As to education, particularly public K-12 education, as a parent looking on it indirectly (from the reports of students and teachers I know plus reading media coverage), it still seems to me a very recalcitrant control-obsessed institution. Unlike businesses and families, which both exercise a certain autonomy and self-governance, our public schools do not and are caught up in a massive controlling hierarchy including ubiquitous state and now federal mandates, labor vs management issues, increasingly standardized curriculum, and standardized testing ratcheted up to ever higher stakes. This all seems so much in the control model and so far from the more contemporary facilitative one.
I find our education system particularly frustrating to ponder because there are wonderful alternative school models out there – including Montessori and Waldorf schools – featuring that facilitative paradigm where young people play a key role in the direction of their own learning. There are even the very rare democratic-free schools scattered about, that put young people squarely in the driver seat of their own education. All these alternative approaches to learning remain on the periphery because they challenge the dominant control paradigm of public schools and therefore cannot pass muster as taxpayer funded learning venues, forcing them to be privately run, charge tuition, and as such be available only to the economic elite.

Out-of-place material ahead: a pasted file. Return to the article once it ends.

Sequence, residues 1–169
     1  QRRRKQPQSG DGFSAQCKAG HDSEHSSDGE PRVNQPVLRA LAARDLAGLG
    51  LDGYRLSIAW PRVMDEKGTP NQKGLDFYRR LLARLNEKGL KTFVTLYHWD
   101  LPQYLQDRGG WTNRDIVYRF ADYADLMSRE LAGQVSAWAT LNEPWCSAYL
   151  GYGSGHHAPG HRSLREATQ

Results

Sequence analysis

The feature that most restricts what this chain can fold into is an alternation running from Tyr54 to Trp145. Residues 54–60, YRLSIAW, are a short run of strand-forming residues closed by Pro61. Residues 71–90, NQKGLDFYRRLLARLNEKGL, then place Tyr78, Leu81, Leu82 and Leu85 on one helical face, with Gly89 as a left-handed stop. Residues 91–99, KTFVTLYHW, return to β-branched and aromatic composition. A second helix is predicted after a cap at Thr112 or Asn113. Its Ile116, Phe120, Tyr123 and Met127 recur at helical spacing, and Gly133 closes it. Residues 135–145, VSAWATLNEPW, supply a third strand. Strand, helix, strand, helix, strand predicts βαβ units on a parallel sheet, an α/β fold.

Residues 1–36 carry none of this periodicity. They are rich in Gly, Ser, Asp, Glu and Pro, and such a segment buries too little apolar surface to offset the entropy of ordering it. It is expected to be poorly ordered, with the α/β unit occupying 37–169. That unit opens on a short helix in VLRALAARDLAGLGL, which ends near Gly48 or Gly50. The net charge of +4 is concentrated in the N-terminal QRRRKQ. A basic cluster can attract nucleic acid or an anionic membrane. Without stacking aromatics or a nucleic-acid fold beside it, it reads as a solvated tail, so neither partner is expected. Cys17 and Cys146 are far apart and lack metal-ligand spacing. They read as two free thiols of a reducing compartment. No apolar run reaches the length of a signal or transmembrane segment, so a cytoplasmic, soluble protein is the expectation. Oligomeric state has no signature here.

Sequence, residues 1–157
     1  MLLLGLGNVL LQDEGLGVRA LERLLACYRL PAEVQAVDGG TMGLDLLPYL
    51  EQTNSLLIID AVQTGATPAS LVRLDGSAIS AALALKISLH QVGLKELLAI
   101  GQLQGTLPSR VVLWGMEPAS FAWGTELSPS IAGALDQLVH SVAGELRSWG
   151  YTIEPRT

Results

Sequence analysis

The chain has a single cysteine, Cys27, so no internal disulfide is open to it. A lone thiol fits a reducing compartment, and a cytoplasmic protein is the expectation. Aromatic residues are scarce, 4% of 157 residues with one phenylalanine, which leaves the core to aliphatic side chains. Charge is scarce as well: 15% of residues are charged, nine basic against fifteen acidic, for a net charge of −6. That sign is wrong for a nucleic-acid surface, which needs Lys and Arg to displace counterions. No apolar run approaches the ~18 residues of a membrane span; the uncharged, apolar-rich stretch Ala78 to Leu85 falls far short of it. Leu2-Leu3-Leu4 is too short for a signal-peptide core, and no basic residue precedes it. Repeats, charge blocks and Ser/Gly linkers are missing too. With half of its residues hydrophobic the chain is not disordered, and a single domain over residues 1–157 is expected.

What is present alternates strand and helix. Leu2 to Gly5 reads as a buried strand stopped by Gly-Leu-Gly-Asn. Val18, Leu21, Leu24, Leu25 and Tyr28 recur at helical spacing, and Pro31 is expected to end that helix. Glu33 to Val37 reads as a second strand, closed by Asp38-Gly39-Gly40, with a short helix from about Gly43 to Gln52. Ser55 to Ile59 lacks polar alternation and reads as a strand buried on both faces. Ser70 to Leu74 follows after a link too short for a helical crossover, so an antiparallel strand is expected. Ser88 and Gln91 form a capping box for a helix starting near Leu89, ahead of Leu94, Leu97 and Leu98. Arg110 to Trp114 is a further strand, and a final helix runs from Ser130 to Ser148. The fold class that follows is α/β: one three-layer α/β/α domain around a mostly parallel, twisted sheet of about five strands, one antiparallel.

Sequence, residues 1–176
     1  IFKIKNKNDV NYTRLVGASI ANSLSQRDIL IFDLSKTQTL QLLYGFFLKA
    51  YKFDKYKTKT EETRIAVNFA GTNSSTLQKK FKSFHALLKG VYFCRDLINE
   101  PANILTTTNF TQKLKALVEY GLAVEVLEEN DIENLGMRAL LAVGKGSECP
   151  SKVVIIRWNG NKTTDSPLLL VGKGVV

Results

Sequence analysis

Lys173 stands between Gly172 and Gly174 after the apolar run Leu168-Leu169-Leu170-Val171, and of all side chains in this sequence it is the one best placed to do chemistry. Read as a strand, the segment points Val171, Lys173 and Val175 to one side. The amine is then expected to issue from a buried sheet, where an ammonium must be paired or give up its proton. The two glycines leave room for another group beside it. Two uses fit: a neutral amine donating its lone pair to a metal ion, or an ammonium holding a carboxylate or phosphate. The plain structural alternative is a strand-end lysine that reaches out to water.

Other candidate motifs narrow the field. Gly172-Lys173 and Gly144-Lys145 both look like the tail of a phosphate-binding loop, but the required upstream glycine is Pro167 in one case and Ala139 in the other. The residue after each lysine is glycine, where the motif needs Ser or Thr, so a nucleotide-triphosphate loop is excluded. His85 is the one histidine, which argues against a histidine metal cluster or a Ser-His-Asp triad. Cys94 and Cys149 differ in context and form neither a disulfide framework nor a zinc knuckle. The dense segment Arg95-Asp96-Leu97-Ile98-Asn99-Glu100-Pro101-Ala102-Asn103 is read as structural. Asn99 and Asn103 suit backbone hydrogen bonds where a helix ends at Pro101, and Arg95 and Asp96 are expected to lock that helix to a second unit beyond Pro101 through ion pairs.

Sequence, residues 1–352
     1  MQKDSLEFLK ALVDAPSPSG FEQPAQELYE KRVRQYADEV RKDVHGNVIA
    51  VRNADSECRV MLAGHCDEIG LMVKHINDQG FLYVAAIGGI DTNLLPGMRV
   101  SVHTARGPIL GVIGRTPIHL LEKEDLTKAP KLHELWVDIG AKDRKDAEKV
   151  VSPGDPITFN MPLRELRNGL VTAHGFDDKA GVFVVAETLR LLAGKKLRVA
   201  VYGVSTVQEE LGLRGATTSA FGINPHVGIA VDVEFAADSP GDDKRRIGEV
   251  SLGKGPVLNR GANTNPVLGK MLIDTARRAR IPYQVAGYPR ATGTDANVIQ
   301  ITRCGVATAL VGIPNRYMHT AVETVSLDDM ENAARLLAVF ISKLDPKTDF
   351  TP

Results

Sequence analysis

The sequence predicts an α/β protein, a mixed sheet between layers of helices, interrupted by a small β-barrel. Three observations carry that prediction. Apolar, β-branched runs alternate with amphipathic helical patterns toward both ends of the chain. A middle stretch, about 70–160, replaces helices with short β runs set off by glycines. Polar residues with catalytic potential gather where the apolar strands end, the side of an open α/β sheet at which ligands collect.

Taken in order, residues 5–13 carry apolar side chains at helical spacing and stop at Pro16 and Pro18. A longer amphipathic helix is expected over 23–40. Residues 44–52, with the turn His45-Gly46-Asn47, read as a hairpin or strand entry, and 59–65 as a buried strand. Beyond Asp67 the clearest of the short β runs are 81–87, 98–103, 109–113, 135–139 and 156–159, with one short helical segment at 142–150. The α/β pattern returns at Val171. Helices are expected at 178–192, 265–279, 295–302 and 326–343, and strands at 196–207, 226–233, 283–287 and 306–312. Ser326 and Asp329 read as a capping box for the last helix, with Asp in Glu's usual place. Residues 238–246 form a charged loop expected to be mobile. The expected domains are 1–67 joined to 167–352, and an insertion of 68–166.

In my ever optimism, I feel like there is a mounting sense that our public schools need to move away from this whole “boss” paradigm of state and federal control toward a more facilitative model advocated by long-time teachers like Lynn Stoddard. Among other ideas, Stoddard advocates the U.S. Department of Education transition from issuing any mandates to being a purely educational best-practice research organization. But it is an open question (put forward in a recent piece by Ed Week blogger Anthony Cody) whether the rising critique of a “corporatized” American public education system exercising ever increasing control over our neighborhood schools is having any real effect on transforming that system.
So I for one, naïve Pollyanna that I might in fact be, will continue to cheerlead for an emerging (or at least imagined) “world without bosses”. That is the world I am planning to live in and hope I have some comrades and co-conspirators in that effort.